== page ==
Surface Plasmon Resonance is an optical phenomenon occurring when a polarized light strikes an electrically conducting surface at the interface between two media. This induces electromagnetic waves i.e. plasmons, which reduce the intensity of the reflected light at the resonance angle depending on the physical conditions at the sensor surface. In SPR assays, target molecules e.g. proteins are immobilized on a functionalised gold sensor surface and a sample containing a potential interacting partner in solution is injected over the surface through a series of flow cells. During the course of the interaction, polarized light is directed toward the sensor surface and the angle of minimum intensity reflected light is detected. This angle changes as molecules bind and dissociate and the interaction profile is thus recorded in real time in a sensorgram.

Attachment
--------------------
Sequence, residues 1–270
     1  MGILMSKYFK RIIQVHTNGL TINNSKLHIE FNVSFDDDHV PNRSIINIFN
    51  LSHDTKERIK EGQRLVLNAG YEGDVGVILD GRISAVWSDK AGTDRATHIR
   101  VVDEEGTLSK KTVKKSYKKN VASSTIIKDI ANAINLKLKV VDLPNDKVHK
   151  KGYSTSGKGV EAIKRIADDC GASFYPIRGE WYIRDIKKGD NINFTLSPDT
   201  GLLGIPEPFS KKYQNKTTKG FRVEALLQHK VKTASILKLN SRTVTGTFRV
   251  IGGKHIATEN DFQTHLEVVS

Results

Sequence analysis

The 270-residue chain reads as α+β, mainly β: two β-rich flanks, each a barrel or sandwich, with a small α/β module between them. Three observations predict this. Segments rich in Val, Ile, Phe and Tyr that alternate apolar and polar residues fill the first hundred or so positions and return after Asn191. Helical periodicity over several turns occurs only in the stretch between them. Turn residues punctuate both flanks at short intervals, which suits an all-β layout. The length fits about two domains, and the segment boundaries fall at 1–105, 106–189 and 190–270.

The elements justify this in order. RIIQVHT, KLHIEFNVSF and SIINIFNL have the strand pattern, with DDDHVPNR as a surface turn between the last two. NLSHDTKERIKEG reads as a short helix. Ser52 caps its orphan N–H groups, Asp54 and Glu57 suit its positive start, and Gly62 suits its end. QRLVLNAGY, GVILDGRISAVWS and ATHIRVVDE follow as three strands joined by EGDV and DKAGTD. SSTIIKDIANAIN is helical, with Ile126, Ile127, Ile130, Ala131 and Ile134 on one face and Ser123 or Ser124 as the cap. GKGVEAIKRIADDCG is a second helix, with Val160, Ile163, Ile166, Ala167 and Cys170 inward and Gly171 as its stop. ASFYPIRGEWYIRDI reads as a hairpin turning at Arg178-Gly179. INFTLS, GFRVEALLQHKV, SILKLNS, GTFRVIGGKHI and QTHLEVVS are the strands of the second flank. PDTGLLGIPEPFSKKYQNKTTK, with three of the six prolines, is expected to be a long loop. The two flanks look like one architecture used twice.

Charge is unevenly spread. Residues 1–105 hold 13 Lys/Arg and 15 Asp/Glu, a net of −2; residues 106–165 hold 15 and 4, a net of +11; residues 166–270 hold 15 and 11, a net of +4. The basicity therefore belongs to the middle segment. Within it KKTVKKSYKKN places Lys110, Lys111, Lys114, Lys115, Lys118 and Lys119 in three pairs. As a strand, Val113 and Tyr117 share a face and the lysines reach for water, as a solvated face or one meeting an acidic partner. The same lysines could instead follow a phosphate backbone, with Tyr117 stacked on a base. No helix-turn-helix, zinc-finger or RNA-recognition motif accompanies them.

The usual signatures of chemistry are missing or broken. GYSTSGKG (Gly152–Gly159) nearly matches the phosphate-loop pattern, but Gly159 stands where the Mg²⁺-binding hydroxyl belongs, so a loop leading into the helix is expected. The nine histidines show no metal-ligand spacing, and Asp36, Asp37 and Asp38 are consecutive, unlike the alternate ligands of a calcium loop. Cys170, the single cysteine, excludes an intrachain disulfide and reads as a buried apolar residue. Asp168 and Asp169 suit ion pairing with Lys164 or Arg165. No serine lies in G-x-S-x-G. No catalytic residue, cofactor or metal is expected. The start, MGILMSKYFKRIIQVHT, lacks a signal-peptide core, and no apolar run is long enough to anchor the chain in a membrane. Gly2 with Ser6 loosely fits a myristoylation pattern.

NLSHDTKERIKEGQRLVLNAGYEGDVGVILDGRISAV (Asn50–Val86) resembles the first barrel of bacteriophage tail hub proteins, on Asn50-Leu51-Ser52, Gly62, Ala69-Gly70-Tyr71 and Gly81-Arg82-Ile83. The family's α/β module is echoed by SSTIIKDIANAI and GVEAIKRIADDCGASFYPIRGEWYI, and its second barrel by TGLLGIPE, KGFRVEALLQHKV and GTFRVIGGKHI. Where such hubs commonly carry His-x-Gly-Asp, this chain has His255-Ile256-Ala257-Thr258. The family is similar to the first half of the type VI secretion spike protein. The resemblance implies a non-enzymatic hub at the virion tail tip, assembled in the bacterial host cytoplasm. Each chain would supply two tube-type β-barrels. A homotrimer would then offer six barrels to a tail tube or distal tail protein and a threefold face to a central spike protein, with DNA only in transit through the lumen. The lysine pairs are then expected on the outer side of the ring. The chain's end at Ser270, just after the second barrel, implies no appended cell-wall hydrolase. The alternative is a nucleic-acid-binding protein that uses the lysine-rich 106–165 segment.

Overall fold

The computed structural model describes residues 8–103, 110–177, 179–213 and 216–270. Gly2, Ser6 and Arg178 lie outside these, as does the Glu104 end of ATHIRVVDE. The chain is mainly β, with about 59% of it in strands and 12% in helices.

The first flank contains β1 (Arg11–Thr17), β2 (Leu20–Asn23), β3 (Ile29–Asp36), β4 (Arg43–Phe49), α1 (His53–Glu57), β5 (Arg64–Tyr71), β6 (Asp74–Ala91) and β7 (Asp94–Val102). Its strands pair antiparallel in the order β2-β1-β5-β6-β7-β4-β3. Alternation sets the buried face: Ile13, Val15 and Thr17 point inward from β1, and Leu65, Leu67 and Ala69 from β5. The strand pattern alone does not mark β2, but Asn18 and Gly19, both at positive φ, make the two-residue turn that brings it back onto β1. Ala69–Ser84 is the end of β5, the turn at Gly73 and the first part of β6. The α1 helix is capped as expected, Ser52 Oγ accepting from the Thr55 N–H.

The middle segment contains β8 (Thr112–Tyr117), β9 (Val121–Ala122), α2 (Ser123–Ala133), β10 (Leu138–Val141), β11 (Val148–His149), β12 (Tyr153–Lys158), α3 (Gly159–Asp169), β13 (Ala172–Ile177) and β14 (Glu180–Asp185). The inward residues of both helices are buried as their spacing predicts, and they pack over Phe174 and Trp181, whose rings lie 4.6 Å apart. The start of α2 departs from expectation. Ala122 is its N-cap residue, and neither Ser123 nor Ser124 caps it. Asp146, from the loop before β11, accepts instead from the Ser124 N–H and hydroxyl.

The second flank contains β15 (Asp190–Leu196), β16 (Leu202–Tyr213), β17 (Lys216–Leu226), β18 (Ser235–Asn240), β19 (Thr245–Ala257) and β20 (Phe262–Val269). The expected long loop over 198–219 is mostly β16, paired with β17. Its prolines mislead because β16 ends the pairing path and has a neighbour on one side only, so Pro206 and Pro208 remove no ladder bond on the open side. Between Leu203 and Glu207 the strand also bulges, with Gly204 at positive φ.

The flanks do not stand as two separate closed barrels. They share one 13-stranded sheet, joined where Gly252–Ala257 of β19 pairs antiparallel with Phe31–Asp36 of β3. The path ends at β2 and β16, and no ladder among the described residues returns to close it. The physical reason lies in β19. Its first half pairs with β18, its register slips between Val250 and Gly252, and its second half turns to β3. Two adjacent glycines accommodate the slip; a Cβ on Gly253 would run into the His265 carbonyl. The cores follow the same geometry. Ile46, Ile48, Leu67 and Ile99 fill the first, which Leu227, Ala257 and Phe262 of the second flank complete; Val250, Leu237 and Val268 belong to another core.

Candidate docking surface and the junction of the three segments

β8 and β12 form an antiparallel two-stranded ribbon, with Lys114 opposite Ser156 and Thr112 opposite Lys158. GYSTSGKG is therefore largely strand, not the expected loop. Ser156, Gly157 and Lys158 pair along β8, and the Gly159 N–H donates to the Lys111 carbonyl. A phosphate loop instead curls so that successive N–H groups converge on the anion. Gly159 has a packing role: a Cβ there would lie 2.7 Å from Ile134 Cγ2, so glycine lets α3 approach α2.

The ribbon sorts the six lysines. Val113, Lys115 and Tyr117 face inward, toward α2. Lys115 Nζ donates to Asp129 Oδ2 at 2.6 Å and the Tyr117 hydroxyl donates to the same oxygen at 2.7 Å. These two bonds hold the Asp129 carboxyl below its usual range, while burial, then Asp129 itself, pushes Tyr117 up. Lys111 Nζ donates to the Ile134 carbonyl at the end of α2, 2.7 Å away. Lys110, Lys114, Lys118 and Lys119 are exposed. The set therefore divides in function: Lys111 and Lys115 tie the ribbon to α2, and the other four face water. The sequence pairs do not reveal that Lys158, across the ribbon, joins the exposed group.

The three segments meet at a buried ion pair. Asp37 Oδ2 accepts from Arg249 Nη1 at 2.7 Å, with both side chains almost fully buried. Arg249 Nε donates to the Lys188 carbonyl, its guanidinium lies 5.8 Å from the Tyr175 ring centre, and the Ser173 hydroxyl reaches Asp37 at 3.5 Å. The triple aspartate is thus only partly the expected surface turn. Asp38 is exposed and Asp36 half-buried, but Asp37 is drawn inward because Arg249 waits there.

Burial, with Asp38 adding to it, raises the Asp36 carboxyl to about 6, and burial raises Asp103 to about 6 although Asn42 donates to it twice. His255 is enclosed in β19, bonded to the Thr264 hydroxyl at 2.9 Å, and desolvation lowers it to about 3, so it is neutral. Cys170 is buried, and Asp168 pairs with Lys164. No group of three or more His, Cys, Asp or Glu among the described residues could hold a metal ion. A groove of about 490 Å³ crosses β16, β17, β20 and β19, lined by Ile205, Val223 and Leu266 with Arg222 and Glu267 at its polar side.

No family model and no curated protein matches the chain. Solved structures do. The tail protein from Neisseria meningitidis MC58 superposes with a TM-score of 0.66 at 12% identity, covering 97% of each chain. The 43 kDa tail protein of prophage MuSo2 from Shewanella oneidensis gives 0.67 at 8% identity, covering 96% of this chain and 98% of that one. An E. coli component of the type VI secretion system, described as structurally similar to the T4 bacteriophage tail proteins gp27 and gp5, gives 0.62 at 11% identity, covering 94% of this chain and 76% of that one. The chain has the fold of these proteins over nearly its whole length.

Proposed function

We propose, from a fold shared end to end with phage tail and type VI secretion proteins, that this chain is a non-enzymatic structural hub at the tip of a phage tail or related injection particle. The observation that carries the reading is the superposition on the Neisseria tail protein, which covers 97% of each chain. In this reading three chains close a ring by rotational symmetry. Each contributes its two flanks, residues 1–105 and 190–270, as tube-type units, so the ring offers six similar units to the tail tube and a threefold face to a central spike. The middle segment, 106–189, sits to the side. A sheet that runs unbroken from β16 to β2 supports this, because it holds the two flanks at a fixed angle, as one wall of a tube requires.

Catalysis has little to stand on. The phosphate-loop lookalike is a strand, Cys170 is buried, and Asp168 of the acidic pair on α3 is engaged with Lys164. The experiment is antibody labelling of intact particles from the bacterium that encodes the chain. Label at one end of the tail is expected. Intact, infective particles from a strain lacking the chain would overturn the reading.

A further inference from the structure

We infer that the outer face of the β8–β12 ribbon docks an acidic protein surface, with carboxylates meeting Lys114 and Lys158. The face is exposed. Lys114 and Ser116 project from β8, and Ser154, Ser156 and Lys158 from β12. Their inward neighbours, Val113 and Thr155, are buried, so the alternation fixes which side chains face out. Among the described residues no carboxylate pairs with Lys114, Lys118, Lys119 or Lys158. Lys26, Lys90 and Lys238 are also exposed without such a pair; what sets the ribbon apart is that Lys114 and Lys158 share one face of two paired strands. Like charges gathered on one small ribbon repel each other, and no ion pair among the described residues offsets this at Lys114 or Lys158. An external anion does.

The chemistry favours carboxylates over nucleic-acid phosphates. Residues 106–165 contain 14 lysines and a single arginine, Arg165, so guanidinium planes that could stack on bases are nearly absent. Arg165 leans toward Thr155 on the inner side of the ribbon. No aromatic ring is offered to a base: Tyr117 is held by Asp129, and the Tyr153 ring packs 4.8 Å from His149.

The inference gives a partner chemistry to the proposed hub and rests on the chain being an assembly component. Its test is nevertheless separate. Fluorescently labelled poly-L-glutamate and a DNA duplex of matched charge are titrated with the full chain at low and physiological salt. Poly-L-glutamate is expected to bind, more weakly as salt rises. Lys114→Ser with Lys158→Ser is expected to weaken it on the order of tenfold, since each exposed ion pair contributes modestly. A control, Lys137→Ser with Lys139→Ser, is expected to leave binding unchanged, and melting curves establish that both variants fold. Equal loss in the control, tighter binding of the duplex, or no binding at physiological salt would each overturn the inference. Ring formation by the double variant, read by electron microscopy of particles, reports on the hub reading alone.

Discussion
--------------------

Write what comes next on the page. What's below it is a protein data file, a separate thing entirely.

SPR systems can be used to study interactions involving (in principle) any kind of molecule, from organic compounds to proteins, nucleic acids, glycoproteins, and even viruses and whole cells. Since the response is a measure of the change in mass concentration, the response per molar unit of interactant is proportional to the molecular weight (smaller molecules give lower molar responses). The SPR detection principle does not require any labelling of the target molecules, and measurements can be performed in complex matrices. The measurement can provide informations on the concentration of the target in the sample, its affinity for the ligand, on the specificity of the binding reaction and on the kinetics of the interaction.